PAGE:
The Conrad Grebel University College is once again holding its annual Peace Camp next week with the goal of teaching kids, in an activity-filled setting, all about peace.
That is, through games, sports arts and crafts and field trips, the day-campers learn and practice skills they need to make peace, resolve conflict and come to a mutual understanding with their fellow creatures.
This year, the Peace Camp is teaming up with the people at Silver Lake Mennonite Camp, who will be helping run the activities.
“This summer our theme is finding our peace superpowers,” said Katie Gingrich, director of The Ripple Effect Education (TREE), which runs the camp. “So recognizing how we as individuals can build ourselves up to be excellent peace-makers, in our relationships, with our friends our families and in our communities.”
Far from being an abstract state or some larger than life notion, peace, notes Gingrich, and especially the ability to make peace, is a skill that can actually be taught and learned. It’s why the camp was created, to give children the instruction and practice they need to learn those skills in a fun way and apply them to their real lives.
“So Peace Camp has been running here at Grebel since 2011, so we’re in our eighth summer,” said Gingrich. “And in that time we have seen a lot of impact on our junior youth in our community. We’ve seen them grow and change and become more aware of what’s going on in their communities. But also equipping them with tools that they need to be 21st century citizens.”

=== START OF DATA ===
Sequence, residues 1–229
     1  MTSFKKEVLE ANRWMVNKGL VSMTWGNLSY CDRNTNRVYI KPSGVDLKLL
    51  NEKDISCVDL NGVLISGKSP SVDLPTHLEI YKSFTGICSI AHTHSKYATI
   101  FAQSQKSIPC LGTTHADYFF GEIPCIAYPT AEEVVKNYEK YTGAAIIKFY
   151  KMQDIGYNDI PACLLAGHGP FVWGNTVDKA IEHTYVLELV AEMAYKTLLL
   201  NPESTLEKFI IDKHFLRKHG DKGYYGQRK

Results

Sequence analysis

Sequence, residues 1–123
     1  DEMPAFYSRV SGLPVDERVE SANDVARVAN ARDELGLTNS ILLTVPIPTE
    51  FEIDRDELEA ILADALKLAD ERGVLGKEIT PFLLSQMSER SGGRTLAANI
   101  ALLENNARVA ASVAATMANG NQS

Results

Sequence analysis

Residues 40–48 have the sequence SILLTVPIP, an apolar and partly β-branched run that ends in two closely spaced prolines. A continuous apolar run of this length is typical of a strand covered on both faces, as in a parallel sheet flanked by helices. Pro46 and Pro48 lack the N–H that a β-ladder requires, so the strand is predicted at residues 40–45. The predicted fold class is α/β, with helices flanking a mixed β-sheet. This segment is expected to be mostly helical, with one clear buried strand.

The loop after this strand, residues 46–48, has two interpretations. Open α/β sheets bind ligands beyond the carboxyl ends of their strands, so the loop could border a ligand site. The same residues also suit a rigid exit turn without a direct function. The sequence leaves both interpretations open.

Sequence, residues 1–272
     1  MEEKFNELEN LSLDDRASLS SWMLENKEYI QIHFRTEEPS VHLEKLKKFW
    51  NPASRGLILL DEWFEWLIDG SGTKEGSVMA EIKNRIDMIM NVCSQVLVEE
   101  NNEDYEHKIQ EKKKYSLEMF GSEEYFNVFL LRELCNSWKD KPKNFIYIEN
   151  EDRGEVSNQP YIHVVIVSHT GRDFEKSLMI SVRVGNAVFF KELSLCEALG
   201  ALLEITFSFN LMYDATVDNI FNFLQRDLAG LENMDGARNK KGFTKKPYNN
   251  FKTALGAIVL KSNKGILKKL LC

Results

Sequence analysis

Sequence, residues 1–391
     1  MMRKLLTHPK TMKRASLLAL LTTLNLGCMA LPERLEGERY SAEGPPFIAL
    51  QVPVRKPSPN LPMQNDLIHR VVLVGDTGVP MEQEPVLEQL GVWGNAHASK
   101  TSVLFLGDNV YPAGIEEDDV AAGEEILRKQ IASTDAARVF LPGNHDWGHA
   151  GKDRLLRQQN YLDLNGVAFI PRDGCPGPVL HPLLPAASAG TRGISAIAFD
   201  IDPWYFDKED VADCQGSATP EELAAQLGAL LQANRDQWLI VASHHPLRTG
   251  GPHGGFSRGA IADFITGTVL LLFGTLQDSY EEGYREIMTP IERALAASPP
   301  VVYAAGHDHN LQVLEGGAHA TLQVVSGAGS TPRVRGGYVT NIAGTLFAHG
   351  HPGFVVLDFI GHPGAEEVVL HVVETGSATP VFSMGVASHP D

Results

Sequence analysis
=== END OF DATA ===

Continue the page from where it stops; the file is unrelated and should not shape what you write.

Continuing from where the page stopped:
Gingrich will be on hand to lead the camp, but she won’t be alone. Several guests have been invited to come and meet the campers as well to teach the kids through fun activities. Groups like the Christian Peacemakers Teams, local community justice groups, the Urban Youth Leadership Alliance and Waterloo Global Science Initiative, who will be leading kids on a scavenger hunt to teach them about the U.N. Social Development Goals.
“So together all of those folks are going to share a little bit more about peace work that they are doing in the community. And they will be sharing strategic and practical tools for our youth to be able to take what they’re learning and to put it into practice in their own lives,” said Gingrich.
New this year, the Peace Camp is starting up a partnership with the Silver Lake Mennonite Camp, based in Hepworth, along Lake Huron.
“It just seemed like Peace Camp was a good fit between the values of Silver Lake Mennonite Camp and obviously they had developed a program in keeping with their values as well,” said Karen Cornies, executive director of Silver Lake Camp.
“So we decided to collaborate. And Silver Lake has been able to provide the staffing for it this summer.”
The Peace Camp is being held next week, starting on Monday and running until Friday, from 9 a.m. to 4 p.m. each day. The camp is aimed at kids aged 11 to 14, and open to first-comers. Those interested in learning more or signing up can head to Conrad Grebel University College for more information.